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MAGIC Magazine: May 2013 ISSUE (Print Edition)
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COVER: Doc Eason: Connecting With Magic By Alan Howard
It's not about the magic. It's not about the drinks. It's all about the people, the relationships, and the memories for Doc Eason — experiences and insights he's gained in more than a quarter century at the legendary Tower magic bar, and beyond.
Revealing Masters By Alan Howard
Ricky Jay and René Lavand are masters of magic from North and South America, respectively. The lives of each have now been captured by filmmakers in documentaries that explore their craft, but leave audiences even more in awe of their work.
A Garden of Art: The Magic of Markus Zink By Wittus Witt
German magician Markus Zink is an original. A student of magic, art, and the art of magic, his unusual contraptions and surreal presentations make his theatrical shows truly unique.
The Many Editions of Harry Houdini By Bill Winters
Arthur Moses not only collects Houdiniana, he specializes in Houdini in print — every edition of Houdini literature in print. Plus, Moses shares the story of the complete known Houdini voice recordings, along with a transcript.
Plus Updates on…
MarketplaceEdited by Gabe Fajuri
Fourteen products are reviewed this month by Peter Duffie, Jared Brandon Kopf, Francis Menotti, Arthur Trace:
Talk About Tricks By Joshua Jay
We begin with an offbeat method to vanish a pack of cards by Michael Boden, and then explore clever card creations from Kyle MacNeill, J.K. Hartman, and Andrew Hillcoat. Finally, Philip Bynorth delivers a solid Expertalk piece on a useful false cutting sequence.
Les Amis By Gaëtan Bloom & Kevin James
A Pure Racket
This is a strange, visual, nearly surrealistic effect. One card is freely chosen and returned to the deck, which is shuffled and then placed on top of a tennis racket. Just by slightly shaking the racket, the cards start to melt through the strings. All of the cards penetrate except for one, and that's the chosen card.
Loving Mentalism By Ian Rowland
It's a prediction trick this month, but one with a twist. In the majority of prediction effects, the prediction is not seen — and cannot be seen — until the climax of the routine. Also, in many cases, the prediction is seen to be handwritten, which might trigger some suspicions as to when it was created. This month, we have a routine in which a printed prediction is openly displayed right at the start. When later read out by a spectator, the printed prediction contains numerous specific details that no one could have foreseen.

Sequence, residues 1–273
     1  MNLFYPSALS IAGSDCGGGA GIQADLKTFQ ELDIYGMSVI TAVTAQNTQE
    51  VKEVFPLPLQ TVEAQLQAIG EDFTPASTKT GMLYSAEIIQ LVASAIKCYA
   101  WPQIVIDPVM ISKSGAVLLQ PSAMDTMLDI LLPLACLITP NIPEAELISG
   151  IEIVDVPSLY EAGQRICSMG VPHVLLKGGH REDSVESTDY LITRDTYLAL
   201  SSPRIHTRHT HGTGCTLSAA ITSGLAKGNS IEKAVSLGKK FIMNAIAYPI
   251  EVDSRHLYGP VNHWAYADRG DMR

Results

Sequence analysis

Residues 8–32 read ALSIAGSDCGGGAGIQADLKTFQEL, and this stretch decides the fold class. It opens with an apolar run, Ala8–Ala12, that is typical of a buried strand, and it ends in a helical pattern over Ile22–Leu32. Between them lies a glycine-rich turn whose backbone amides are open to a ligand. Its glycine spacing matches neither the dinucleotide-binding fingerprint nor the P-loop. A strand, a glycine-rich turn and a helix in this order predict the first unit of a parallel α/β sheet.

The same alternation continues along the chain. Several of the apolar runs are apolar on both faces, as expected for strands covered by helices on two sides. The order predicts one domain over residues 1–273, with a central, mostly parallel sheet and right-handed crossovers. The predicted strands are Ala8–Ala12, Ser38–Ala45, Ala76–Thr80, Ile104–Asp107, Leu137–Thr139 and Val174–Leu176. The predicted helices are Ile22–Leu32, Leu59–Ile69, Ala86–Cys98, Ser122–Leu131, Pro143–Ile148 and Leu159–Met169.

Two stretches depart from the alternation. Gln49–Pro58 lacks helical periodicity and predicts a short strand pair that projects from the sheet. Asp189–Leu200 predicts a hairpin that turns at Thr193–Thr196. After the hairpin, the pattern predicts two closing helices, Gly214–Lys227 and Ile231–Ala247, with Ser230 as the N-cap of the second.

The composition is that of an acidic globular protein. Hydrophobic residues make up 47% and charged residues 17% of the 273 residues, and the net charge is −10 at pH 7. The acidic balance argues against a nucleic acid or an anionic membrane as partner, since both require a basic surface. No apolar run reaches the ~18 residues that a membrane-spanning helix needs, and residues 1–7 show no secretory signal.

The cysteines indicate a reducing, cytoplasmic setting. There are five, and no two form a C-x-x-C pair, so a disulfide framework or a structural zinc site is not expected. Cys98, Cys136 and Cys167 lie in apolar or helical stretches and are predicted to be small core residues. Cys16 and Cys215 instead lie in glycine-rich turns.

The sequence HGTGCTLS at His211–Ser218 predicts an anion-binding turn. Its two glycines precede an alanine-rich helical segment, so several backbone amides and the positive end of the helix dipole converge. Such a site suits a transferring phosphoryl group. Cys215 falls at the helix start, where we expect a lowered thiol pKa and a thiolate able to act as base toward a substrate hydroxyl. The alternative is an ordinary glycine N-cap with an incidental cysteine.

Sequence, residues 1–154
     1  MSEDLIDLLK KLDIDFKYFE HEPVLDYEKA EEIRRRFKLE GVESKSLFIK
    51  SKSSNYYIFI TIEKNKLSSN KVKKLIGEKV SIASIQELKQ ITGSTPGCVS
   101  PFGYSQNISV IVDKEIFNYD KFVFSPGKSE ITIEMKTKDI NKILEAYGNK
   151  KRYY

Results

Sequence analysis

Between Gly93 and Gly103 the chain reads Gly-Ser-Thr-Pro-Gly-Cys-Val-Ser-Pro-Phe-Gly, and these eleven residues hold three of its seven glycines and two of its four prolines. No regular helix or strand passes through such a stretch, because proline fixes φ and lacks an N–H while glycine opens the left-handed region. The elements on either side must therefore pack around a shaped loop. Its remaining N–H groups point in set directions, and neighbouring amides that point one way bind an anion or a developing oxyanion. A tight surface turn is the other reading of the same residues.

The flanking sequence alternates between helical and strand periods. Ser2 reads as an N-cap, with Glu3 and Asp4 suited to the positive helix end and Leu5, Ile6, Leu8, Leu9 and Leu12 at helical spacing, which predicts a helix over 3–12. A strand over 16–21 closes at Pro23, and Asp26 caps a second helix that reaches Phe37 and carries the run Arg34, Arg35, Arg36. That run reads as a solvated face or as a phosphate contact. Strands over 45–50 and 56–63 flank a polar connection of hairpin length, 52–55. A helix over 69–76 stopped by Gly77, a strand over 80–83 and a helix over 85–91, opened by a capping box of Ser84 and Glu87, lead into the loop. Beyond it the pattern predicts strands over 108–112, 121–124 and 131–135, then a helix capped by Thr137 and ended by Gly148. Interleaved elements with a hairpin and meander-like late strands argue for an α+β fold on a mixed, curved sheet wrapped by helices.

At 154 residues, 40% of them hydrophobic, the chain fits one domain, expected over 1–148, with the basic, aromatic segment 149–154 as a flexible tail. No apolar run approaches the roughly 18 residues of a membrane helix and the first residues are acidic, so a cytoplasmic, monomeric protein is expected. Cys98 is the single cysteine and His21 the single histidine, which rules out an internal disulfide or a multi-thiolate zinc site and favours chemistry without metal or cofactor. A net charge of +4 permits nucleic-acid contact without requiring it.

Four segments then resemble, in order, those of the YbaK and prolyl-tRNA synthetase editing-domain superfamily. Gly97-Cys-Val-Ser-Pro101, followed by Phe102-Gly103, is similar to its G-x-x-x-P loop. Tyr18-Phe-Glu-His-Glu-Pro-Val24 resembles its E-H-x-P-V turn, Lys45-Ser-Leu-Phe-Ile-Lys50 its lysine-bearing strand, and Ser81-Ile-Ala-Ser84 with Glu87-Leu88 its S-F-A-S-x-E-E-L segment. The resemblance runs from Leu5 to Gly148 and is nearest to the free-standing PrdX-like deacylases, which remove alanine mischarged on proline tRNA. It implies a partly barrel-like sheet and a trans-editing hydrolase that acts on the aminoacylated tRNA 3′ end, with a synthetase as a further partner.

Bent on Deception By Mike Bent
Sack to the Future, or How an Ugly Prop Redefined the 20th Century
Some magicians might think that the 20th Century Silks should have been left in the 20th century, but to me it's still a great trick. It just needs a facelift. Invented and originally sold by Frank Ducrot in early 1900 — hence the name — it is seldom used in adult shows anymore. Unfortunately, its bastard progeny, the Baffling Bra and 20th Century Shorts, are still thriving in that medium. But the original has become a staple of shows for kids and families. Why? It's a great "bare bones" trick, a nifty skeleton just waiting to be dressed up with a good story. And that's this month's offering (cue trumpets) — The Royal Magic Trick.
50 Years at the Castle By Milt Larsen
Lights, Camera, Reaction — Shrum's Standing Sets
Over the fifty years of the Magic Castle, many films, TV shows, and commercials have used the Castle space as a location. NBC's top art director, John Shrum, designed the Castle from its inception. The Magic Castle was not just a building to John. To him, it was his "standing set." In movie parlance, that's a permanent building on the soundstage or back lot. Every nook and cranny of the Castle was designed with an eye to the camera.
For What It's Worth By Mark Kornhauser
No Breakfast for the Dead
When the Shakespearean actor Edmund Kean was sick and dying, he famously said to his friends who were taking pity on him, "Dying is easy; comedy is hard." That might be a pretty funny thing to say to your cronies when you are on your deathbed, but there are some real disadvantages to dying. With comedy, you can have a bad set and still go out for breakfast afterwards. But there's no breakfast for the dead.
Paynefully Obvious By Payne
Knock it Off
Intellectual property is a subject that's been bandied about quite a bit these days in the magic community, especially online. Scarcely a day goes by that there isn't a post to be found condemning a blatant, yet very reasonably priced rip-off of a trick, or a lengthy discussion about someone selling knockoffs of a recently released DVD, complete with the link so everyone can go see the offending site for themselves. And woe be it to the fledgling illusionist who unwittingly uploads a video of himself performing with a prop that wasn't made by one of its authorized builders. The ensuing firestorm of outrage and indignation just might set his magic career back by several years, if not end it altogether.
Creative Play By Tracy Atteberry & David Parr
Ideas and inspiration are a bit like bristles from a street sweeper. They can be found all over the place, but first we have to open our awareness and really perceive what's around us. The search for useful information — information that might lead to a new idea — begins with having a keen awareness of our environment.
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